Although over time the number of SARS-CoV-2 antibodies falls in both previously infected and vaccinated patients, the performance of antibodies improves only after previous infection rather than vaccination, according to a new study.
The new research is to be presented at this year’s European Congress of Clinical Microbiology & Infectious Diseases (ECCMID 2022, Lisbon, 23-26 April). The study, by Dr Carmit Cohen of the Sheba Medical Center, Ramat Gan, Israel, and colleagues, also found that previously infected patients with obesity had a higher and more sustained immune response than overweight and normal weight range patients.
PROTECTION AGAINST RE-INFECTION
The researchers note that protection against re-infection lasts for a long time in SARS-CoV-2 recovered patients. However, breakthrough infections are increasingly common six months after vaccination, they added. The authors in the study analysed the humoral (antibody-induced) immune response in COVID-19 recovered but unvaccinated individuals for up to a year and compared it with those who had received two doses of the Pfizer vaccine (but no previous infection) over eight months. Those previously infected in this study had been infected by the original and alpha variants (and some cases of beta) of SARS-CoV-2, although it is not known which variant for each patient as the laboratory only gained the ability to sequence variants long after the study began.
The researchers followed-up of 130 patients diagnosed with SARS-COV-2 using PCR testing. These patients had not been vaccinated and remained unvaccinated during the study. None of these patients were reinfected across the study period. Data were collected on acute (during infection and immediately after) as well as long term (after 6 weeks) symptoms. They compared anti-spike protein IgG and neutralising antibodies of these 130 recovered patients to 402 age and body mass index (BMI), matched individuals who were double-vaccinated with the Pfizer vaccine but who had never had COVID-19. These double-vaccinated patients also remained uninfected across the study period; however, evidence had begun to emerge in Israel at this time (the second quarter of 2021) that double vaccinated, never infected healthcare workers were experiencing breakthrough’ infections at around six months after their second dose, whereas previously infected individuals that had not been vaccinated were not being reinfected.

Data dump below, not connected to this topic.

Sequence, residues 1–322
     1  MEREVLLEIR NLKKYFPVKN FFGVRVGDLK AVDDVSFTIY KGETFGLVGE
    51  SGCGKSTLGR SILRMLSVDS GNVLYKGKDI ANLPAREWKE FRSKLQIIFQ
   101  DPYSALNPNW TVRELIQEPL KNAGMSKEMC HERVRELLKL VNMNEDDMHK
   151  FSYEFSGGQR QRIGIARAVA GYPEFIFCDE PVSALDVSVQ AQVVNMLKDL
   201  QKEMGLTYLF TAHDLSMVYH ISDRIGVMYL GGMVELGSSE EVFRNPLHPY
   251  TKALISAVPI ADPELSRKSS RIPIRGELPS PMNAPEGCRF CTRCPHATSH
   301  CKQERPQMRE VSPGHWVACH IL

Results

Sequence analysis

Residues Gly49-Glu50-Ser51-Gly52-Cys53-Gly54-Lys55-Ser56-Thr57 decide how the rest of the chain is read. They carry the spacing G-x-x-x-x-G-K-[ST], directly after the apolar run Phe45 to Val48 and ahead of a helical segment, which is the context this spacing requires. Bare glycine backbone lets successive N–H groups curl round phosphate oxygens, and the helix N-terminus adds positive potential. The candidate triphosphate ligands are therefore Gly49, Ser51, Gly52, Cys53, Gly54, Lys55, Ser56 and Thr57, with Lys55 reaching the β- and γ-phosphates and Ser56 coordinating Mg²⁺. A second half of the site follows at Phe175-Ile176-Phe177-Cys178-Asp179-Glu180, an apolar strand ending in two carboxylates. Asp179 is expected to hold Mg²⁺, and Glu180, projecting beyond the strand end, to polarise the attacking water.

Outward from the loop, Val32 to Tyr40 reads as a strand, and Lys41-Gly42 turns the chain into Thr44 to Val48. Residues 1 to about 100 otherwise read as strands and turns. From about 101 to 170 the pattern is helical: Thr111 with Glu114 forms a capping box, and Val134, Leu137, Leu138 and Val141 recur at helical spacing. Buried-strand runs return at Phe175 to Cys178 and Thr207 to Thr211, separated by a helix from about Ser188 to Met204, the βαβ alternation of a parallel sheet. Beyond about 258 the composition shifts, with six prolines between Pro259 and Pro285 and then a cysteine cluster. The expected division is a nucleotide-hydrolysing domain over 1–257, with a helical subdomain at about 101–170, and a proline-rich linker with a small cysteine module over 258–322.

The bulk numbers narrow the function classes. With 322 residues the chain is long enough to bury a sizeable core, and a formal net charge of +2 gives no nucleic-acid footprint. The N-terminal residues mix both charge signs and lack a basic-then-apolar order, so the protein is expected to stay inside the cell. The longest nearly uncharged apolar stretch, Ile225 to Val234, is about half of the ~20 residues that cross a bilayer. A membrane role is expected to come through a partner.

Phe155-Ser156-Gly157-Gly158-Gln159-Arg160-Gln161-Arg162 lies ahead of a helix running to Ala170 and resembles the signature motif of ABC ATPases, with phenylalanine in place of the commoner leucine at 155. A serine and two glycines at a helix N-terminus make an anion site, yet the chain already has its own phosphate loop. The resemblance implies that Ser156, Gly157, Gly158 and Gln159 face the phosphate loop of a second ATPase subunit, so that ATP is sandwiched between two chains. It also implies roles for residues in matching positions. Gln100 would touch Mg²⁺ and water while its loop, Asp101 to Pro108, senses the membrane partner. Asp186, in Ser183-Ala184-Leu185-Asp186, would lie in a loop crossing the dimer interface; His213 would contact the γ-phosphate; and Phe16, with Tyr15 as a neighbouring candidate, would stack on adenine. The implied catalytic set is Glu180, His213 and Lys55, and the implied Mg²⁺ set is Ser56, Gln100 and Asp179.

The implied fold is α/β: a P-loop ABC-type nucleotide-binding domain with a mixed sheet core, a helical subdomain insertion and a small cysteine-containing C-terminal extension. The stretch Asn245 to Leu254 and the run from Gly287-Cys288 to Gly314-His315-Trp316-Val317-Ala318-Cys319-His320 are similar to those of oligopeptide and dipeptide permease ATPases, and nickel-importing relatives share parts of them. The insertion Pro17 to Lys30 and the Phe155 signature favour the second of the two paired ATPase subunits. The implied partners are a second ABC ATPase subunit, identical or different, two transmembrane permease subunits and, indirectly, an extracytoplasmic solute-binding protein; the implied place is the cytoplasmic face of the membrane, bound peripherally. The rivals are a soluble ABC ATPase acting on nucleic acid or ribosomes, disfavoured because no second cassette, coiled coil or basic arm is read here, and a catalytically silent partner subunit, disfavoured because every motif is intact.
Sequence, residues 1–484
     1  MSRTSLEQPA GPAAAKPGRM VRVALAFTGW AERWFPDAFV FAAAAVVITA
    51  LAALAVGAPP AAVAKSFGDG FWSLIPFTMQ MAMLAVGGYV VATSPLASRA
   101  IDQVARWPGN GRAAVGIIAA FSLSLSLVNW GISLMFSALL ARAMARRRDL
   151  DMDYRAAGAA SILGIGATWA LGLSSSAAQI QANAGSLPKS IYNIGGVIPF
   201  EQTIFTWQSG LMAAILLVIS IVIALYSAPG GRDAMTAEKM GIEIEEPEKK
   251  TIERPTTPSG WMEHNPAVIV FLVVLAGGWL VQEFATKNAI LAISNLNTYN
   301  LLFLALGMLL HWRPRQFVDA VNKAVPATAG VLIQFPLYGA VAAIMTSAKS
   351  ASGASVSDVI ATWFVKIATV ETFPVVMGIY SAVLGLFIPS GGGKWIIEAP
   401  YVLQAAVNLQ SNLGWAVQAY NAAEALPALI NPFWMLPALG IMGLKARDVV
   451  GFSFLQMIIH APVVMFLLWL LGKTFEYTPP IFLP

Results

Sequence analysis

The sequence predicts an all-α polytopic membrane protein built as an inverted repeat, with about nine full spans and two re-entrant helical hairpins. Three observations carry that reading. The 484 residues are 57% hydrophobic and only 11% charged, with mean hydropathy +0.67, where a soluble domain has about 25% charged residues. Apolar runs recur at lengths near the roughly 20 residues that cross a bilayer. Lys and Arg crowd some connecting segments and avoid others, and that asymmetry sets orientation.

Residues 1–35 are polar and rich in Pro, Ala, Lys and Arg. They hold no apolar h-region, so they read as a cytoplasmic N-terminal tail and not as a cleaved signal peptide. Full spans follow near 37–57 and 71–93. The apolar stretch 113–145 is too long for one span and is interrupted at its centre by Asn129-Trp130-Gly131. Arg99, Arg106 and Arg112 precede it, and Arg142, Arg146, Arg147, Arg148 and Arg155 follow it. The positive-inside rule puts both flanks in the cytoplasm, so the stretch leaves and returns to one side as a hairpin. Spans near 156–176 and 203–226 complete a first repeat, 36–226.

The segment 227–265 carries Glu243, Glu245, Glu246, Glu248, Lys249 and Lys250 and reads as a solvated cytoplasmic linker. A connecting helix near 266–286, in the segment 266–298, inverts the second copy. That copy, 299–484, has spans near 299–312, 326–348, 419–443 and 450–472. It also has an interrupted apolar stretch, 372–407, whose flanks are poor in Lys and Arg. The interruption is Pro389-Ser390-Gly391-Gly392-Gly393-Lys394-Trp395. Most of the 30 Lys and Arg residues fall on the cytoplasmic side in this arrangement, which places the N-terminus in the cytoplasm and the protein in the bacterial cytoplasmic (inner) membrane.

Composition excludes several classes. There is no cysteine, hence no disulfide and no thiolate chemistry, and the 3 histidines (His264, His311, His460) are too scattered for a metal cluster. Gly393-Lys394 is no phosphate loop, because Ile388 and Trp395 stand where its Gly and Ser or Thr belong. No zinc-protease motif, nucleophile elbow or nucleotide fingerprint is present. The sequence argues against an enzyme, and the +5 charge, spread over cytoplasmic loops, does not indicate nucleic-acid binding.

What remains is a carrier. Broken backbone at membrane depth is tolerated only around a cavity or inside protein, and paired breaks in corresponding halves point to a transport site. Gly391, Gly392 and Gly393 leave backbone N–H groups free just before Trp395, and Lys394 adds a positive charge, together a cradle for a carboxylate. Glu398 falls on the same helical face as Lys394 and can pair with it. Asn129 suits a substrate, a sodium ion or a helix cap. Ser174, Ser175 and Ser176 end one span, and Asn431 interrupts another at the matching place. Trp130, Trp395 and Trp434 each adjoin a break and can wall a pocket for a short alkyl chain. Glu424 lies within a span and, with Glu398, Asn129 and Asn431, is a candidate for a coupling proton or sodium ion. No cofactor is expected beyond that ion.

Further, the researchers found the numbers of antibodies a month after vaccination were higher than those in the COVID-19 recovered patients. However, these numbers also declined more steeply in the vaccinated group. The avidity (antibody performance quality) index was higher in vaccinated individuals than in recovered patients initially. However, up to six months avidity did not significantly change in vaccinated individuals, whereas it gradually increased in recovered patients and potentially protected them from reinfection.
Among the all recovered patients, the study notes down that 42 (36%) experienced long COVID symptoms including mental health (5%), neurological (9%), cardiovascular (5%) and respiratory (31%) manifestations.
This team of researchers is now following a cohort of people recovered from the delta variant (specifically focused on families) and also a separate cohort recovered from the omicron variant. In these newer studies, they are examining both the humoral and innate immune responses (different parts of the immue system). This team of researchers is now following a cohort of people recovered from the delta variant (specifically focused on families) and also a separate cohort recovered from the omicron variant.